Lyrical Ballads

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Penguin Books Limited, Aug 31, 2006 - Literary Criticism - 128 pages
51 Reviews
A collection of poems exemplifying Romantic aesthetic ideals, whose unique beauty lies in their revolutionary exploration of the 'overflow of powerful emotions recollected in tranquility', Samuel Taylor Coleridge and William Wordsworth's Lyrical Ballads is edited with a note on the text by Michael Schmidt in Penguin Classics. Published in 1798, Lyrical Ballads is a dazzling collaboration containing twenty-three poems by close friends, William Wordsworth and Samuel Taylor Coleridge - two major figures of English Romanticism. The volume heralded a new approach to poetry and expresses the poets' reflections on mankind's relationship with the forces of the world. Coleridge's contribution includes the nightmarish vision of 'The Rime of the Ancyent Marinere', one of the works for which he became best known, as well as the fantastical conversational poem 'The Foster-Mother's Tale' and the melancholic 'The Nightingale'. Wordsworth's 'We are Seven' depicts a child's na´ve optimism in the face of the cruel mortality, while 'Goody Blake and Harry Gill' and 'Simon Lee' celebrate the simplicity and strength he perceived in country people, and 'Tintern Abbey' explores the healing powers of nature. This Penguin Classics edition allows readers to recapture the full impact and power of Lyrical Ballads. It also includes a note on the history of the text by Michael Schmidt. Samuel Taylor Coleridge (1772-1834) has been criticized as a political turn-coat, drug addict and plagiarist whose wrecked career left only a handful of magical early poems. But the shaping influence of his highly imaginative criticism is now generally accepted, and his position, along with that of William Wordsworth (1770-1850), as one of the two great progenitors of the English Romantic spirit is assured. A great innovator, Wordsworth permanently enlarged the range of English poetry both in subject matter and treatment. If you enjoyed the Lyrical Ballads, you might like Wordsworth's Selected Poems, also available in Penguin Classics.

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Review: Lyrical Ballads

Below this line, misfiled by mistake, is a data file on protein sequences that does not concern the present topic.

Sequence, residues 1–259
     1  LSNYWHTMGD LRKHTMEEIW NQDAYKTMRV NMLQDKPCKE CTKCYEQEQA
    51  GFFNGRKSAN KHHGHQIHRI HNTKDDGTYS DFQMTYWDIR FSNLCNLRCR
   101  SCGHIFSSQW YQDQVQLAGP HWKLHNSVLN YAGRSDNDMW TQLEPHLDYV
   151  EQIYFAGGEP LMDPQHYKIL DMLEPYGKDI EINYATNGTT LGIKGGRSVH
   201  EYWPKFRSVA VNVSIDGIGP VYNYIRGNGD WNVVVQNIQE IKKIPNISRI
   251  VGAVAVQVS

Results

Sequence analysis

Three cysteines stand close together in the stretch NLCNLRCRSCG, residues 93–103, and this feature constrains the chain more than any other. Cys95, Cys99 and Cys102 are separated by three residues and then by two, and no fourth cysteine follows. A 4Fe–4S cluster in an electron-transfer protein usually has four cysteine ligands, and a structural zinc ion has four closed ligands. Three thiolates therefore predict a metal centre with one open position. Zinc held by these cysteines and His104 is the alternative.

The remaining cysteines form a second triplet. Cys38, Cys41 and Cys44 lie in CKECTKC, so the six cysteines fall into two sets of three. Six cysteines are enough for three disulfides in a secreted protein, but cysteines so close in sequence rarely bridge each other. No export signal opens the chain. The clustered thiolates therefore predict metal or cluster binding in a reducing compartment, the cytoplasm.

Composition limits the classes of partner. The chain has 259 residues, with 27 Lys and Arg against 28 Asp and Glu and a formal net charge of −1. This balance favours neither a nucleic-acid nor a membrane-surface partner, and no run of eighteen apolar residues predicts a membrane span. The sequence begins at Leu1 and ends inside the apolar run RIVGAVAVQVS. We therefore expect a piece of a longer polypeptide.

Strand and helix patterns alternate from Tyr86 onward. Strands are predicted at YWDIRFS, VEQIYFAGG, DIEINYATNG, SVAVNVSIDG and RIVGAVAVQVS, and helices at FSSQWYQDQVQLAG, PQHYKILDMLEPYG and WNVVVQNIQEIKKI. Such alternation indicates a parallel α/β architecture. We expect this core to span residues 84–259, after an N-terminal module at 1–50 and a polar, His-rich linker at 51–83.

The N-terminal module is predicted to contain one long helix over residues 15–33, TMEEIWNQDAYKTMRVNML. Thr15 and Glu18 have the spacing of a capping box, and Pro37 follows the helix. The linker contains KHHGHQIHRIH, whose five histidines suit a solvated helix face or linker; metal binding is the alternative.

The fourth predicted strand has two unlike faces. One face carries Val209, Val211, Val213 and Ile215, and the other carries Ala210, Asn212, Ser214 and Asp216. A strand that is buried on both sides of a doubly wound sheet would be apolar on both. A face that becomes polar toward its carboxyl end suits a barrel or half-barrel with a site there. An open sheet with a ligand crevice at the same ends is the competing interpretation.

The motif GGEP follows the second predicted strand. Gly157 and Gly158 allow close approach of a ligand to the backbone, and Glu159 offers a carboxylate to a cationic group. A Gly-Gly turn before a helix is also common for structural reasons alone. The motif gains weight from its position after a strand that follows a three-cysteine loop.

User Review  - Dylan - Goodreads

Essential for all lovers of language, beauty, grace and soul. In their time, Wordsworth and Coleridge were more than daringly bold or strange - this was revolutionary. Taking poetry back to the more ... Read full review

Review: Lyrical Ballads

User Review  - Holly - Goodreads

I actually really enjoyed this poems more than I thought I would. Especially Tintern Abbey (a beautiful poem). Romanticism isn't really my favourite area of poetry, but this definitely makes me want to explore more of Wordsworth's work! Read full review

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About the author (2006)

William Wordsworth was born in the Lake District in April 1770, and died there eighty years later on 23 April 1850. He had three brothers and a sister, Dorothy, to whom throughout his life he was especially close. When she was six, and he was nearly eight, their mother died. Dorothy was sent away to be brought up by relatives, and a year later William was sent to Hawkshead Grammar School, scene of the great childhood episodes of The Prelude.

Wordsworth was cared for in lodgings and led a life of exceptional freedom, roving over the fells that surround the village. The death of his father, agent to the immensely powerful landowner Sir James Lowther, broke in on this happiness when he was thirteen, but did not halt the education through nature that complemented his Hawkshead studies and became the theme of his poetry.

At Cambridge, Wordsworth travelled (experiencing the French Revolution at first hand) and wrote poetry. His twenties were spent as a wanderer, in France, Wales, London, the Lakes, Dorset and Germany. In France he fathered a child whom he did not meet till she was nine because of the War. In 1795 he was reunited with Dorothy, and met Coleridge, with whom he published Lyrical Ballads in 1898, and to whom he addressed The Prelude, his epic study of human consciousness.

In the last days of the century Wordsworth and Dorothy found a settled home a

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